The state's highest court upheld a lower court ruling Tuesday letting stand the sentence of a Turner man convicted of murder in his wife's 2010 slaying.
An attorney for Brian Nichols, 48, argued before the Maine Supreme Judicial Court in May that the trial court erred when it failed to properly compare the basic sentence in this case to basic periods of incarceration for defendants in comparable cases. Adam Sherman, Nichols' attorney, also argued that Active-Retired Justice Robert Clifford failed to accurately place on a continuum of seriousness the manner in which the crime occurred, compared to other ways it could be committed.
Sherman complained to the seven-member court in Portland that no central, accurate database is accessible to defense attorneys in Maine that provides the basic sentences set by the courts in murder cases. He said he struggled to find more than two basic sentences after an exhaustive search, but filed with the court many final sentences.
Prosecutors presented four basic sentences in similar murder cases for the court to consider during sentencing.
The basic sentence is the first step of a statutory three-step sentencing process in Maine. A basic sentence is reached in the first step, after considering the nature and seriousness of the crime as committed by the defendant.
In Nichols' case, the court considered the facts that Nichols used a firearm, shot his wife at close range in or near her mouth, was premeditated in his actions, was in a jealous rage and committed the act in close proximity to their son.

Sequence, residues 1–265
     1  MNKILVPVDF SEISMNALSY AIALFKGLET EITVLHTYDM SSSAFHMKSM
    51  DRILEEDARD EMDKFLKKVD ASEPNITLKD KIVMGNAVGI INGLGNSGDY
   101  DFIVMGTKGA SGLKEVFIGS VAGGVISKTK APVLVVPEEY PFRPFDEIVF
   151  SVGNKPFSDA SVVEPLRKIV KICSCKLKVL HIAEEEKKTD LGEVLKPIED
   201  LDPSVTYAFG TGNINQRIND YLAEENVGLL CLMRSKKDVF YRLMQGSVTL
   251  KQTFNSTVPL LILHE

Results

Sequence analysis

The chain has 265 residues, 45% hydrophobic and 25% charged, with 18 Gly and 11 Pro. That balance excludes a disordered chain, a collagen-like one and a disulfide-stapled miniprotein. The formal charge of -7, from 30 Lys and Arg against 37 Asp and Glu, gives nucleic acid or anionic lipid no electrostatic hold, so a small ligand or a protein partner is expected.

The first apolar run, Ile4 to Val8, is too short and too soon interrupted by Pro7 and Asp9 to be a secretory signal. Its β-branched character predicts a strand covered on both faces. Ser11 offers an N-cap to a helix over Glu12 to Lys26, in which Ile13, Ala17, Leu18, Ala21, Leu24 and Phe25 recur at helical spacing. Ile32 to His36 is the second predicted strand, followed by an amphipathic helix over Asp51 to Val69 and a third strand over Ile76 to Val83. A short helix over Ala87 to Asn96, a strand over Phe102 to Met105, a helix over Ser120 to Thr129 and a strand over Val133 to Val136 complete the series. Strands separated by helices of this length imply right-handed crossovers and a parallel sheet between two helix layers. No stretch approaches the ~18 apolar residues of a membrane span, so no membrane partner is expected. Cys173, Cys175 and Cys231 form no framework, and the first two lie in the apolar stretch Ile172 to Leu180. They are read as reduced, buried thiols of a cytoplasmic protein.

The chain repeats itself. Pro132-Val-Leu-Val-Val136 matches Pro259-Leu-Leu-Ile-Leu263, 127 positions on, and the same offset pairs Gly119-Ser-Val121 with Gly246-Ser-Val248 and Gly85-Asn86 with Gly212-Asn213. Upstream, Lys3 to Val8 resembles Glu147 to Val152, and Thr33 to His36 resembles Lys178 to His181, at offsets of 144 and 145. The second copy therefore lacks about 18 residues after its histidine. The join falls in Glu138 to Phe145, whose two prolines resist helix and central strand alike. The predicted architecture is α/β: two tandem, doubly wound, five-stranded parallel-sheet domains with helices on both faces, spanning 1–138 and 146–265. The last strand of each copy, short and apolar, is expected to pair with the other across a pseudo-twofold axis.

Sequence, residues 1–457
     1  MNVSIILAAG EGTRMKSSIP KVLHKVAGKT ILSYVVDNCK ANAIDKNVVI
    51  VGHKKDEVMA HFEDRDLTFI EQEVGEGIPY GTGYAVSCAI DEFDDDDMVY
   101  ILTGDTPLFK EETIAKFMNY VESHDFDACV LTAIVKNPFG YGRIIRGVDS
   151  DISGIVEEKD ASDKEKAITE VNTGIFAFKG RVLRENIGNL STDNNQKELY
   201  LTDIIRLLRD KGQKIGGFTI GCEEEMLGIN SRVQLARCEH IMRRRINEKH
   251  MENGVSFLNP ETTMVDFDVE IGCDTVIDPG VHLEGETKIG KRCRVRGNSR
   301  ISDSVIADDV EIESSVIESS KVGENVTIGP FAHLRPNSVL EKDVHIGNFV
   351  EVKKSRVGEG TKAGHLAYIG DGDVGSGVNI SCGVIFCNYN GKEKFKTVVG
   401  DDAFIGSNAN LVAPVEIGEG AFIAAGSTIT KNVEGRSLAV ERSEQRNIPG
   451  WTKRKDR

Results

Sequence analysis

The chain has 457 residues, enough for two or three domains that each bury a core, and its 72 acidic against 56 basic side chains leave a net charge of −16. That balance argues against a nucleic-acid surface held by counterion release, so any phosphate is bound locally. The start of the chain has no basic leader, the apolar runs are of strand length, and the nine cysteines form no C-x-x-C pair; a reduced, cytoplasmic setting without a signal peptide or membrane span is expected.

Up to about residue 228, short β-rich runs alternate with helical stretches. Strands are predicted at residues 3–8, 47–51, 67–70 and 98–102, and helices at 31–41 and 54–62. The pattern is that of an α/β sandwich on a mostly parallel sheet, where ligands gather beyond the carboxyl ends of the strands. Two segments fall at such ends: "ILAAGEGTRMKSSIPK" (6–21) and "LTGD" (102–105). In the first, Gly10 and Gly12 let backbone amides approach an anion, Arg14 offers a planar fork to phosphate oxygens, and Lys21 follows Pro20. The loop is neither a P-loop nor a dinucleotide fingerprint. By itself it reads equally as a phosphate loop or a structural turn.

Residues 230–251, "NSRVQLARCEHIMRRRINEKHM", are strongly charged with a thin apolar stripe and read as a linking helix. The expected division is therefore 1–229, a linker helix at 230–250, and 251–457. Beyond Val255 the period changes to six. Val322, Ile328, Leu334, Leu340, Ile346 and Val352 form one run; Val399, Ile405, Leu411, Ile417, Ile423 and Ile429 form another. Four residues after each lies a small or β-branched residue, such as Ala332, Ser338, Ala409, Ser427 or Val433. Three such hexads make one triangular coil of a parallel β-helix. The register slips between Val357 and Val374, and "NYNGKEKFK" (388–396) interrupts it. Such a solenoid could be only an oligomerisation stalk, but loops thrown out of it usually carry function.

In a unanimous decision, the high court decided Clifford didn't “misapply sentencing principles” in imposing Nichols' basic sentence. And, the basic term set by the court was not an abuse of its power, Justice Andrew Mead wrote for the court.
Nichols fatally shot his wife, Jane Tetreault, 38, in bed at their house because he suspected her of having an affair, an accusation police later said was unfounded.
His trial attorney had said his client's mental state was a mix of clinical problems, including paranoia, mania, delusions, personality disorder, anxiety and possibly schizophrenia.
Nichols was sentenced by Clifford a year ago, following Nichols' guilty plea a month earlier to intentional and knowing murder, which carries a sentence of 25 years to life in prison.
Nichols and prosecutors had agreed to a 42-year cap. Nichols had then argued for a sentence of 35 years, starting at a basic sentence of 30-35 years. Prosecutors urged the maximum.
Clifford settled on a 40-year sentence, after considering other murders committed in similar circumstances and after weighing factors that might add or subtract time from a basic sentence of 35 to 40 years.